2. Being vegan is one way I feel I help animals. Once you make the connection to “who” and not “what” you are eating it’s a true revelation. Living a cruelty-free life is the right choice for me; by making compassionate choices in what I eat, wear, products I use etc., I know I am not contributing to and supporting the pain, suffering and deaths of animals. I also think it’s very important to be a voice for animals, whether it be protesting, writing letters to newspapers, contacting your reps about animal issues important to you, and getting involved and active in specific causes. Animals need us – and if we truly care about them, it is our responsibility to advocate on their behalf.

  3. Deanne O'Donnell says:

    I am vegan and encourage others to try veganism also. We rescue are pets, never purchase, We donate to our animal shelter. I tirelessly promote death row animals and factory farming animals, animals used in entertainment and circuses, all wildlife including our creaturs of our oceans, on facebook and on line and am a member of over a dozen animal rights groups. I would give my life for my animals. I would have no problem putting myself in harms way to save an animal in distress or abuse. Trying to make a difference for animals is the only thing I care about. It is at the heart of who I am. My greatest desire is to make major difference in the lives of animals everywhere. I may not live long enough to do that, but it is my goal and the reason I am alive.

  4. Thomas Ponce says:

    What’s the most useful thing I do to help animals? I am always trying to raise awareness on all animal rights issues from factory farming to shark finning from the fur industry to animals in captivity and in entertainment, from puppy mills to vivisection. I look at every opportunity in life as a teaching moment and a chance for me to possibly make someone aware of the suffering that animals experience every day, awaken their compassion and get them actively on the road to living a cruelty free lifestyle. I try to make them see how we are all connected and how our every day choices effect way more than ourselves. I am a firm believer that with knowledge comes power and if we can educate others on what’s really happening in our world we have the power to make a change. By living a cruelty free life myself I hope to set an example for others my age as well as those of any age. I am also an active lobbyist for animal rights. I have my own organization called Lobby For Animals, http://www.LobbyForAnimals.org, where I have posted some videos teaching people how to lobby for animal rights and be effective. I have attended delegates meetings and met with my Senators and Representatives and spoken on animal rights laws that need to be changed or introduced. I think it is so important for us all to get involved in lobbying for animal rights and represent animals in the political arena, it’s the only way the laws are ever going to change, and in turn, change the ways animals are viewed in our society.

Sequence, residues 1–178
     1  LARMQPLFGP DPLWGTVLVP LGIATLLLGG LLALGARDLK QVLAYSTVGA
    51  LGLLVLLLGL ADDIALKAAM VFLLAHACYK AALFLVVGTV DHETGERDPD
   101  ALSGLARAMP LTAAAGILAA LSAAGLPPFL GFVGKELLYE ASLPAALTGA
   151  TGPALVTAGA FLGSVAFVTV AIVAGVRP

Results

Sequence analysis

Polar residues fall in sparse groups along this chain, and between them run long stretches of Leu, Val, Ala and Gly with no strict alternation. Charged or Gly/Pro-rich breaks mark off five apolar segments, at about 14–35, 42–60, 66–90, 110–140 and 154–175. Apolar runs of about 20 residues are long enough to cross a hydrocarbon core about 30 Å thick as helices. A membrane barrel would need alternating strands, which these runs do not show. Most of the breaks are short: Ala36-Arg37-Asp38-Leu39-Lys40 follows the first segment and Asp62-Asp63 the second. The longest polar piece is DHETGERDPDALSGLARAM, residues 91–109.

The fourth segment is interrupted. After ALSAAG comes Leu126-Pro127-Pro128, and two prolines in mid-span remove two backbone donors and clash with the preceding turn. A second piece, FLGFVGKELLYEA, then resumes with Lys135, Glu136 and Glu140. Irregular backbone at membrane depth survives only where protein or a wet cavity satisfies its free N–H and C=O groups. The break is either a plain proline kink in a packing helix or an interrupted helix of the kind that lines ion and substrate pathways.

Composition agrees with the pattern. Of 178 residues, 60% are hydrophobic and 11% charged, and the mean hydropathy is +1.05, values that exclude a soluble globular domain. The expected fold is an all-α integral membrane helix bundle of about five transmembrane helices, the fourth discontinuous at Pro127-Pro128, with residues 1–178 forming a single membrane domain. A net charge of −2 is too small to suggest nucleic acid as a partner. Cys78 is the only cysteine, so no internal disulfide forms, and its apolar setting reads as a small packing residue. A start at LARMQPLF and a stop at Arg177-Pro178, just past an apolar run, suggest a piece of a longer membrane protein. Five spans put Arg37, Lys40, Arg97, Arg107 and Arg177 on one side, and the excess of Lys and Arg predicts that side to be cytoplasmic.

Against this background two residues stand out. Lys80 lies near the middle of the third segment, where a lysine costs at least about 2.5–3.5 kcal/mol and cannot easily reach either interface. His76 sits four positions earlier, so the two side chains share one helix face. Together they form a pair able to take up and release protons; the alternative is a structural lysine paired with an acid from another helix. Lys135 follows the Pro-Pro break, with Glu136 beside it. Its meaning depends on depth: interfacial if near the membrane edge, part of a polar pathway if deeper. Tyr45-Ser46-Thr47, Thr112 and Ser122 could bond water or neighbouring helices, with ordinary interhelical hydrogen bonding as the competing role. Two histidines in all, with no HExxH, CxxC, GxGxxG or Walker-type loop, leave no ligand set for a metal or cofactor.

5. Shel Graves says:

    I make every day meat-less Monday. Enjoying a plant-based diet is the best thing I can do for the animals, promotes compassion, and it cares for my health too.

  6. Lucy Muller says:

    A good way to help animals is to live a lifestyle that does no harm. Show others by a quiet example, but we need groups like PETA etc. to make noise to get attention.

  7. Karen says:

    I think animal harmers should have the same back 20 fold. If I see any one hurting animals I stop them even if it means I get hurt.

  8. Tom Krepitch says:

    I thought I might get this for Christmas, so I waited to buy it. It didn’t turn up in my stocking this year, but I just bought it from Amazon, where it is currently only 99 cents. Not sure how long it will be at this price, but take a look. :)